- 30 & 45 minute sessions: One spot can be worked on.
- 60 minute session: Expect about 3 areas of the body to be worked on.
- 90 minute session: Typically 4-5 areas of the body can be worked on.
- 120 minute session: Full body massage that can be all remedial or a combination of both remedial and relaxation.”
Q: “And what can I expect for pressure from a remedial massage?”
Dani: “You’re going to feel the pressure, it shouldn’t be a bad pain but it will be ‘noticeable’. What this means is that the saying of no pain, no gain, is wrong. Yes, you will definitely feel the pressure, but rather it should ‘hurt so good’, not ‘hurt so bad’. Especially when I include trigger point therapy, you will feel it. It may even trigger something called referred pain. This means that when I put pressure on a trigger point on one area of your body, you may feel pain in another part. For example, a trigger point in your shoulder could give you the feeling of a headache or it might radiate into the back of your eyes.”
Q: “Is trigger point therapy the only deeper pressure treatment you would do during a remedial massage?”
Dani: “No. If I treat a trigger point I will hold the pressure for a few seconds up to a minute. The massage itself will be deeper pressure but with a flowing movement as well as other techniques such as active release and stretching.”
Q: “What do you mean by stretching during the remedial massage?”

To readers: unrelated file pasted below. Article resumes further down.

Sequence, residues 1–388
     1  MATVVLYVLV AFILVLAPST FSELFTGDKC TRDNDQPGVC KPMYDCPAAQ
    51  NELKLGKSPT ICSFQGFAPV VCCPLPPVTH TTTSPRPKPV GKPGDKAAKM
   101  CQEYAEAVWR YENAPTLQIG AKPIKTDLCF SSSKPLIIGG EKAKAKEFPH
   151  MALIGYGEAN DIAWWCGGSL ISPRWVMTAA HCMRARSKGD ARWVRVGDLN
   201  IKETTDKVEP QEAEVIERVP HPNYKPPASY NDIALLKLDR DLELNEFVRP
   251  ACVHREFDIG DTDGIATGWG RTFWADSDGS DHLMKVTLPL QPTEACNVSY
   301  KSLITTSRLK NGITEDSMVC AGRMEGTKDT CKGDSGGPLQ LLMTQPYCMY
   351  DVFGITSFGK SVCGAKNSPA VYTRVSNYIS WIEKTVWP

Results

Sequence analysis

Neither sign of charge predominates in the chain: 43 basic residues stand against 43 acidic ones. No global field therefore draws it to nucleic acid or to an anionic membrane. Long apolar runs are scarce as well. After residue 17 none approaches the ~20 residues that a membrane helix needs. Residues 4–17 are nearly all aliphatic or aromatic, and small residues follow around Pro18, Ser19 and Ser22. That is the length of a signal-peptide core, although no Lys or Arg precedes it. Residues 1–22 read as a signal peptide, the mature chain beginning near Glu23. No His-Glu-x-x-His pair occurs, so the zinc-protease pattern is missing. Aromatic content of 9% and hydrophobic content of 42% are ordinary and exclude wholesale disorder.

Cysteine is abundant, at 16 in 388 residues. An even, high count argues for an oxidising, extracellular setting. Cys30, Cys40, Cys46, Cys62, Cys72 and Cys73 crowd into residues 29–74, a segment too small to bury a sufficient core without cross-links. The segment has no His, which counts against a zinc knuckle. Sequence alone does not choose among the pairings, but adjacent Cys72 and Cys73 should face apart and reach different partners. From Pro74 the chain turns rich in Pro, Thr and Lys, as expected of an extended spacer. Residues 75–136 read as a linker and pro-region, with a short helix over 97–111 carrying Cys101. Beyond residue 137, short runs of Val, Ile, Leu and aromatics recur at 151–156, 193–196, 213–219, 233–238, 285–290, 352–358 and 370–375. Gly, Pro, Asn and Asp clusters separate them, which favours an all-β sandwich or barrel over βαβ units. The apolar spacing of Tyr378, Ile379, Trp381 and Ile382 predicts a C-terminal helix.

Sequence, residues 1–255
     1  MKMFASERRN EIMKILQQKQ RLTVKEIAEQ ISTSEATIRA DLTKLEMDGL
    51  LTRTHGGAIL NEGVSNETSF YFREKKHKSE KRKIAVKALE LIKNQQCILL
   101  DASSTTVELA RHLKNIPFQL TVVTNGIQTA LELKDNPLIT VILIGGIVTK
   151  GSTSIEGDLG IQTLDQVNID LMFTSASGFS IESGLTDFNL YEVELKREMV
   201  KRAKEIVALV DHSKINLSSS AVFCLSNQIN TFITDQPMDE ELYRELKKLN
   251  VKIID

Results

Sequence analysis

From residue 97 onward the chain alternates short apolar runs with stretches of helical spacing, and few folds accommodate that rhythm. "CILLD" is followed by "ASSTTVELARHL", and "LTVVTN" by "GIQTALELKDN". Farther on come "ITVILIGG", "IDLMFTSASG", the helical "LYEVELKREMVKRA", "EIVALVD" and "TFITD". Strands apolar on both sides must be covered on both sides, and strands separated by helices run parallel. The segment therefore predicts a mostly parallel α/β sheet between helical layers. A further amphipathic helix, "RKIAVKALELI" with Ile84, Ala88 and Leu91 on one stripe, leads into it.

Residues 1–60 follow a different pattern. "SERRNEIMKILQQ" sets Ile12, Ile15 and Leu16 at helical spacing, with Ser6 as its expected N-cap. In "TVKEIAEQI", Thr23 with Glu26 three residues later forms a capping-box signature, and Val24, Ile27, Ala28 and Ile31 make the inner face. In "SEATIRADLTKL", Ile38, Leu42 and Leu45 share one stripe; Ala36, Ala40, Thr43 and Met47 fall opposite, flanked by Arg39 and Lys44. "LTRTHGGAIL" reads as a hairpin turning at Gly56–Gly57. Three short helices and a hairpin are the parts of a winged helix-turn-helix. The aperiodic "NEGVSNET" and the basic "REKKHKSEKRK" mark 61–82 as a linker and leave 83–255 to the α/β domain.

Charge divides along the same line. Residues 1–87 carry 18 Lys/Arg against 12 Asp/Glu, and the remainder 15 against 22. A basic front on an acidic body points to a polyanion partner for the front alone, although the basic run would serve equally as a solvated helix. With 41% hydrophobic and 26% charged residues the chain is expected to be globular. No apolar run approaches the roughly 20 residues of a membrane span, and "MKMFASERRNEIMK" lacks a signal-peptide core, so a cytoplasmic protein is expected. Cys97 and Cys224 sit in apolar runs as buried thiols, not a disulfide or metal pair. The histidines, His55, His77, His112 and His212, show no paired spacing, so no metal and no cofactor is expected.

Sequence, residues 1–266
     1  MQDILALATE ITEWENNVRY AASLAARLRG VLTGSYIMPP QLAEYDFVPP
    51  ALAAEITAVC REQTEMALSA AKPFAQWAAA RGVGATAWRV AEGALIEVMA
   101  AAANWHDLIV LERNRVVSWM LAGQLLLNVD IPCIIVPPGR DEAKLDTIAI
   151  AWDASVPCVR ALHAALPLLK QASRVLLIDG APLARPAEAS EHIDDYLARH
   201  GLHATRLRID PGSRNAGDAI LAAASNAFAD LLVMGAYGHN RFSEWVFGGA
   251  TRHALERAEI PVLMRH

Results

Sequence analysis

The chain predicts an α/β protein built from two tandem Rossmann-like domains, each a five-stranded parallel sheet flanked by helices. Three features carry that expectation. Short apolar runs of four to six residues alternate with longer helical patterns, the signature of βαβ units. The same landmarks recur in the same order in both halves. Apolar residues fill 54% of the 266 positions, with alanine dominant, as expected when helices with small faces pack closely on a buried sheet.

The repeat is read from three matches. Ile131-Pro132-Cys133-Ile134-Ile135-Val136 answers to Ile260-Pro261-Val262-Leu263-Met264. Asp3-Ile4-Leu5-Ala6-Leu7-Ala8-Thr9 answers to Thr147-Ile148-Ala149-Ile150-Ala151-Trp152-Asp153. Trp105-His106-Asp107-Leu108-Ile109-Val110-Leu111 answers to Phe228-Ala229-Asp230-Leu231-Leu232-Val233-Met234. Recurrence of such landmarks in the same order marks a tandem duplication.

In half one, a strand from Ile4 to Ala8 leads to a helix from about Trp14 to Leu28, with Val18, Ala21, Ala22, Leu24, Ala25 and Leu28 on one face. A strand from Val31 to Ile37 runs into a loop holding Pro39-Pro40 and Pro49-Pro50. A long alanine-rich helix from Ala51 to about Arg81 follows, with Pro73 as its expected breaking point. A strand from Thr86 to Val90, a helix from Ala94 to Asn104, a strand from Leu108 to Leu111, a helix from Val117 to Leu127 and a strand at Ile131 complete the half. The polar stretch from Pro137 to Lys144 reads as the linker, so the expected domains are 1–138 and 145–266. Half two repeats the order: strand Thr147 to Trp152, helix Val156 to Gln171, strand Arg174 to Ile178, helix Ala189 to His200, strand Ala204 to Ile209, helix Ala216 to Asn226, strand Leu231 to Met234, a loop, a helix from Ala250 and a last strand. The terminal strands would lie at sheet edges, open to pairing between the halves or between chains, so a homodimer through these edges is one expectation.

Dani: “During the massage, I may put you into both active and passive stretching positions. Active stretching is when you are helping to move your muscles into the stretch, and passive stretch is when you are relaxed and you let the massage therapist put you into the stretch. Sometimes stretches are used before the therapist massages a muscle because it helps loosen it up and allows the therapist to work deeper into the muscle fibres. For example, I may stretch the quad when you are laying face down before you turn onto your back and I begin massaging it.”
Q: “So if I have a tight quadricep you just stretch and massage the quad?”
Dani: “Not quite. With muscles, you are working with protagonist and antagonist muscles. You have a main muscle that does the work and you always have another muscle that does the opposite work. A great example pair are the hamstring and the quad. If you don’t loosen up one, the other won’t work as effectively and will get tight over time as an effect. Stretching during the massage allows both muscles to be loosened up.”
Q: “That makes sense! Is that what you mean when you say you need to stretch after your massage?”
Dani: “Partially. Although there are other things you need to do to help your body recover after your massage.”
Q: “What else do you have to do as aftercare post remedial massage?”
Dani: “The four main things I emphasise after a remedial massage are strengthening exercises, stretches, using myofascial and massage balls, and drinking water..
Strengthening exercises: You want to use the right muscle for the right work. If a muscle is strong enough, it won’t build up as much tension and will be strong enough to work the way it is meant to. This in turn avoids overcompensation of other muscles and trains the correct muscle to do the majority of the work it’s meant to do – helping to avoid injury. However, oftentimes our muscles aren’t doing this correctly, so that is why you should do strengthening exercises after your treatment. This is especially important with injuries because we often overcompensate or lose muscle mass due to lack of use (muscular dystrophy). Additionally, strengthening exercises can also give you a better understanding of the way your body and muscles should be functioning. Something we don’t often think about and may not actually know!